Rogue CEOs: Tips on Building Trust Between PR and Top Executives

Rogue CEOs: Tips on Building Trust Between PR and Top Executives

Marla Cimini
13 February 2019

When CEOs of corporations make major mistakes or utter unfortunate remarks that harm the organization’s reputation, it’s usually PR that must find a way to fix the situation. Within the past few years, leaders from large companies, including UberPapa John’s Pizza, and most recently, Amazon, have all negatively impacted their business through cringe-worthy comments and questionable decisions. All of these situations caused their PR team to mobilize into crisis mode quickly.

Although most PR people may not be dealing with CEOs who are household names, there are plenty of business leaders whose slip ups can lead to an unexpected issue. But what can a PR professional do to avoid or lessen the fallout? And how do you guide a rogue CEO when it’s time to respond to the crisis?

According to Kim Marshall, a seasoned PR pro and co-founder of S’Well Public Relations, it is important for CEOs to be fully media-trained and ready for anything. Although she was not connected with any of the companies mentioned above, she explained that lessons can be learned when it comes to all crisis situations. She said, “CEOs need to understand that in the business world, anything that’s personal becomes instantly public. And a personal crisis can be incredibly embarrassing. But honesty is always the best policy—because you need to show that you are human.”

She pointed out that frequently, a CEO may want to “hide” a crisis or a bad decision. A true PR pro must convince a CEO that a decision was wrong and he or she must change tactics and their response to the media—quickly. She added, “Don’t hide or wait. It’s important to address the issue immediately. Some of the most common mistakes I’ve have seen CEOs make in terms of public relations are not listening to their PR team, not preparing for an interview, not realizing that nothing is really ‘off the record,’ and not understanding the on-the-ground reality of what their front-of-the-line employees are going through during a crisis.”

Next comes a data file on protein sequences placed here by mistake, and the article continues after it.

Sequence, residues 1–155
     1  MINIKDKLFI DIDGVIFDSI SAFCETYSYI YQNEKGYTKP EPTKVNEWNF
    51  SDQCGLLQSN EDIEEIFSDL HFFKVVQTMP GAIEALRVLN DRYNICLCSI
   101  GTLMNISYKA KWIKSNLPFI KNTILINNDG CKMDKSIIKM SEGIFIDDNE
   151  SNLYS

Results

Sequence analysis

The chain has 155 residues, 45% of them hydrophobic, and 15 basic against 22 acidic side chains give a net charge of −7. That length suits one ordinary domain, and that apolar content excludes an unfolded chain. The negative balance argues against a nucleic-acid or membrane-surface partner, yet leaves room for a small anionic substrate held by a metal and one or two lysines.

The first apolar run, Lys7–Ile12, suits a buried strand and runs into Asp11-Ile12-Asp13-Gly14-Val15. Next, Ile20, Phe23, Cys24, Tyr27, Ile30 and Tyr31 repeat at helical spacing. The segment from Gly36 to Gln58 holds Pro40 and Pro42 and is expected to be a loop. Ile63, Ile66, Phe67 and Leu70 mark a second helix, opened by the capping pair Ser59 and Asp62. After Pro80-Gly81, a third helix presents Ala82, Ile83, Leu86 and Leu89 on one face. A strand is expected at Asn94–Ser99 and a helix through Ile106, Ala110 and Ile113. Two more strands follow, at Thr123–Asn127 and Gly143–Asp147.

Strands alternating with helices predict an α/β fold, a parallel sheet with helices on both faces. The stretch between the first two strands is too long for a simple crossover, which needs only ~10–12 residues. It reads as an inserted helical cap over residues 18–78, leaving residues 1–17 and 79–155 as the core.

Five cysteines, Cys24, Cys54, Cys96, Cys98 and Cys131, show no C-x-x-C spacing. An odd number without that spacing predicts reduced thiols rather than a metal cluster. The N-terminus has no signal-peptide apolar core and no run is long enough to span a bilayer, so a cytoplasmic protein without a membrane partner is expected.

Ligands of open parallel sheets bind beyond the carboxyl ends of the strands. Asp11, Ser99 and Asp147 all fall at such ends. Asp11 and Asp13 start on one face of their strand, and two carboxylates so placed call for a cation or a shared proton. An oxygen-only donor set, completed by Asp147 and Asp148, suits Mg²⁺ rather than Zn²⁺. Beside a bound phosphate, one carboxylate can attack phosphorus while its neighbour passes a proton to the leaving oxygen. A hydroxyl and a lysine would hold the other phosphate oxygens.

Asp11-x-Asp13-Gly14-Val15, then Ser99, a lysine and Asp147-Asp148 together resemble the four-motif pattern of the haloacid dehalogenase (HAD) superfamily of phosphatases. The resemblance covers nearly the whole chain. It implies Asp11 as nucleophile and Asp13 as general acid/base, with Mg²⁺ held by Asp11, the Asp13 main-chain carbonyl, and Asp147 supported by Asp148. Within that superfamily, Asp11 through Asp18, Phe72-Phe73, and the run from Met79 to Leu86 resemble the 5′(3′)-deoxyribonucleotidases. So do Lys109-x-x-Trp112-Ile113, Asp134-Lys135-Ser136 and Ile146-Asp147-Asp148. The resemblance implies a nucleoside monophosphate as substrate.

Known for her extensive experience in crisis management, Marshall has dealt with a number of crisis where the CEOs did not handle a situation well. In one instance, she was working at a major resort when a tragedy occurred. “The resort featured a “swim with the dolphin” program, and unfortunately, two of the dolphins suddenly died. The backlash was so huge, even Greenpeace was protesting outside the resort. But instead of dealing with this honestly, the CEO recommended to avoid showing the dolphin area to any journalists—a true impossibility since their lagoon was a focal point of the resort.”

She continued, “If we followed this bad advice, it would have caused the resort’s problems to worsen, but I had to convince them to tell the truth and show that we care about the dolphins and the environment. We then launched an educational program, and found the cause of the dolphin deaths was from a toxin from a nearby golf course. After we identified the problem, we were able to clean the area and ensure the other dolphins were healthy.”

Marshall shared another example from years later, when she was working with a luxury resort that hosted a group of influencers. She explained, “We held a dinner in the hotel’s restaurant and unfortunately almost everyone had food poisoning the next day. But instead of doing the right thing, taking the blame and showing remorse, the CEO remarked that they probably caught the flu and didn’t apologize. I did everything I could to help the group, and wrote an apology letter to each person myself. It was seriously a miracle that nothing bad was written about that experience, but I’m sure those influencers won’t be returning to that resort. If the CEO had responded in a kinder way, those individuals would have felt like we cared about their well-being.”

Marshall believes that CEOs should choose wisely when selecting their public relations directors or agencies, as those are the people who will be guiding them during a crisis. She said, “You definitely don’t want a ‘yes’ person or someone who is inexperienced. A tough, smart PR person can save you from a major crisis or a great embarrassment. A professional PR pro is always prepared for anything—and provides the most valuable advice.”

Key Takeaways

Don’t wait until hell breaks loose to get your CEO thinking about the public impact of their words and actions.

  1. Preparation: Your CEO is by default a brand spokesperson. Make sure that she or he understands this, and takes it seriously, especially if your executive is on social or interacting with journalists and influencers.
  2. Trust: Everyone can slip up, but not everyone is prepared to take accountability for it. Sometimes ever. Let your executive know that you’re here to fix messes, and are prepared to take the lead when that happens.

For a complete guide to crisis management, read our free ebook on using media intelligence to prepare for crisis—or better yet, avoid it altogether.